The third guest blog post of the winter break comes from James Parker, who I’ve had the pleasure of writing blog post with for the past few months. To read more of his brilliant work, visit the Grand Prix Merchandise Blog.
I am not going to beat around the bush here; Robert Kubica is a phenomenal racing driver, ever since his magnificent debut in 2006 at the Hungarian Grand Prix weekend, he has wowed fans not only with his talent, but his modest, spectacular personality off the circuit, one of the last true gentleman racers in Formula 1, a man who no-one can say a bad word about.
He became a secret “favourite” of mine during his time in Formula 1, encapsulating everything in what I feel a WDC should possess, he was put simply the complete package. In terms of raw talent he was up there with the best, able to wring the neck of really poor cars, and drag them into places they had no right to be. The 2010 season was perhaps best proof of that, where the pole went on to claim 10 top 6 finishes which included 3 podiums, in a car that was 5th fastest at best. This talent tied with brutal consistency, and a gentle modest personality away from the circuit made Kubica one of the most popular drivers in the paddock and that is what makes his story so sad.
Of course by the time I write this, pretty much every Motorsport fan in the world knows about those tragic events of February 2011, a horrifying incident that perhaps has robbed us of witnessing Robert achieving the success at the pinnacle of Motorsport that he deserves. Whilst it could be argued that Kubica was taking a tremendous risk rallying in the off season, and given another day could have quite easily walked away unharmed like his co-driver that day, you could never persuade a person like Robert that. He lives, breathes, eats, sleeps his passion, it is entwined into the DNA of each and every racing driver, and is the sole reason, that during the winter break of 2011, the pole needed to race, to feed that addiction that had gone missing whilst he was away from the circuit ahead of the 2012 Formula 1 season. Trying to explain that to a person outside of the Motorsport world is extremely difficult, something that racing drivers themselves find incredibly complicated to put into words, but when we see Michael Schumacher jumping straight onto a motorbike and racing at the age of 43 directly after his retirement from F1, we start to understand, it is something they simply have to do – You can take the racing driver away from the race track, but you can’t take the racing driver out of the man.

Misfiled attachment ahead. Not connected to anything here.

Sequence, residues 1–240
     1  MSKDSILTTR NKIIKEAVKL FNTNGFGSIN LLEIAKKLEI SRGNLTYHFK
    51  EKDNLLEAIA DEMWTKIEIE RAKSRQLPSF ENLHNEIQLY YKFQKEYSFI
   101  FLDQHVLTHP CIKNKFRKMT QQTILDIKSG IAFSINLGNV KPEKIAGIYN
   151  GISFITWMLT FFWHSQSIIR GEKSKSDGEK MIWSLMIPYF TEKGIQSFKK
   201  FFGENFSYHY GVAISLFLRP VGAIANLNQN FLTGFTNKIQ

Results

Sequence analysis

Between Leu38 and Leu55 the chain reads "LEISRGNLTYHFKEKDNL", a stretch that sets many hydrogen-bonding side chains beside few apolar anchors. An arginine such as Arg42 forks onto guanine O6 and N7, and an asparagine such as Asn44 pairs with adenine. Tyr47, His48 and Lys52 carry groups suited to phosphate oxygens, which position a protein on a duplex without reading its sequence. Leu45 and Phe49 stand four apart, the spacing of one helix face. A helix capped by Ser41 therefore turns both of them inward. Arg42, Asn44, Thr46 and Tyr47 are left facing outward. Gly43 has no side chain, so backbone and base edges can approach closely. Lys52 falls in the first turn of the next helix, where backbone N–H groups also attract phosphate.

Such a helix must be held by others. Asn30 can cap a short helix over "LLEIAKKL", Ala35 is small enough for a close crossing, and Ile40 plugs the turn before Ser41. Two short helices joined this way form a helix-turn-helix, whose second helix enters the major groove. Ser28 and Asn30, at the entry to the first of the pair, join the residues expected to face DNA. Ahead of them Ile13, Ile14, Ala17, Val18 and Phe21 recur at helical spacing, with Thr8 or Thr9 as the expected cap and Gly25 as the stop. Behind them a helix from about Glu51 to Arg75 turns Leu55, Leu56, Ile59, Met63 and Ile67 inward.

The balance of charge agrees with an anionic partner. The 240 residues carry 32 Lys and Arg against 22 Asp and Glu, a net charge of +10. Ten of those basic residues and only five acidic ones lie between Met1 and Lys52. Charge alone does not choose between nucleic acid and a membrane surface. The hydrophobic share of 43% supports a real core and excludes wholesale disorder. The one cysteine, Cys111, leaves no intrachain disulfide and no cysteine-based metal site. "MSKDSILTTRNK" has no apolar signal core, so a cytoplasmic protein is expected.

The cruel and horribly slow rehabilitation process that Robert has had to go through has been extremely well documented, fans around the entire globe creating tribute pages, showing their support for the magnificent pole, as they wait with bated breath on any news that heads our way. I have over the past 12 months written two articles surrounding Robert offering my views on the great man, documenting his progress in terms of recovery and the massive hole he leaves in the sport without his presence around the paddock. But it is perhaps the most recent news of his comeback that has become the most frightening. This week Kubica had been quoted himself as saying he could not see himself returning to Formula 1 in the near future. He is uncertain of his future in the sport and the longer this rehabilitation takes; you have to say the less likely a dream comeback will be on the cards, the pole not getting any younger as the years go by. This perhaps is the most disheartening news for not only fans of Kubica but also fans of the sport as a whole; one of the most talented racing drivers in modern history unable to attain the success he wholeheartedly deserves is surely a tremendous blow to F1 in general.
The main area of focus is still the elbow and wrist area, where Robert is still unable to